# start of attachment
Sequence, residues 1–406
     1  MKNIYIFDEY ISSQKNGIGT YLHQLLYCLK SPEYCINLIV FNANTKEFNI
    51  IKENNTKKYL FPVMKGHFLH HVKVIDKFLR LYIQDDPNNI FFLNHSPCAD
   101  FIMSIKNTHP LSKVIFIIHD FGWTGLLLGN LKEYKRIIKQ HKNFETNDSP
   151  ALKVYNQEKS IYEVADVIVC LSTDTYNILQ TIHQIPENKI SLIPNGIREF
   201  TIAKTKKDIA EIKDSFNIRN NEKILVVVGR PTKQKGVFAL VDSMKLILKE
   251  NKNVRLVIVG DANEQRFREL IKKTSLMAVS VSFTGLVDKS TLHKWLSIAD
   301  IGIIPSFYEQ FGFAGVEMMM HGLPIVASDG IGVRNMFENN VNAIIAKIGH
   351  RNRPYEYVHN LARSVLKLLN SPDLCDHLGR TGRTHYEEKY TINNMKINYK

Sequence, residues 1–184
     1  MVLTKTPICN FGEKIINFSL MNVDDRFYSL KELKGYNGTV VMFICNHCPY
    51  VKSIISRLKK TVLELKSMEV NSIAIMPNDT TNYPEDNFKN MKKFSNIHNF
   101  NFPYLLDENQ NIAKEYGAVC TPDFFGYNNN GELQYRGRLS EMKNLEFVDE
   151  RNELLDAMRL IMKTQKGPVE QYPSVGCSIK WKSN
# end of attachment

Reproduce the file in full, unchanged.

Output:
Sequence, residues 1–406
     1  MKNIYIFDEY ISSQKNGIGT YLHQLLYCLK SPEYCINLIV FNANTKEFNI
    51  IKENNTKKYL FPVMKGHFLH HVKVIDKFLR LYIQDDPNNI FFLNHSPCAD
   101  FIMSIKNTHP LSKVIFIIHD FGWTGLLLGN LKEYKRIIKQ HKNFETNDSP
   151  ALKVYNQEKS IYEVADVIVC LSTDTYNILQ TIHQIPENKI SLIPNGIREF
   201  TIAKTKKDIA EIKDSFNIRN NEKILVVVGR PTKQKGVFAL VDSMKLILKE
   251  NKNVRLVIVG DANEQRFREL IKKTSLMAVS VSFTGLVDKS TLHKWLSIAD
   301  IGIIPSFYEQ FGFAGVEMMM HGLPIVASDG IGVRNMFENN VNAIIAKIGH
   351  RNRPYEYVHN LARSVLKLLN SPDLCDHLGR TGRTHYEEKY TINNMKINYK

Sequence, residues 1–184
     1  MVLTKTPICN FGEKIINFSL MNVDDRFYSL KELKGYNGTV VMFICNHCPY
    51  VKSIISRLKK TVLELKSMEV NSIAIMPNDT TNYPEDNFKN MKKFSNIHNF
   101  NFPYLLDENQ NIAKEYGAVC TPDFFGYNNN GELQYRGRLS EMKNLEFVDE
   151  RNELLDAMRL IMKTQKGPVE QYPSVGCSIK WKSN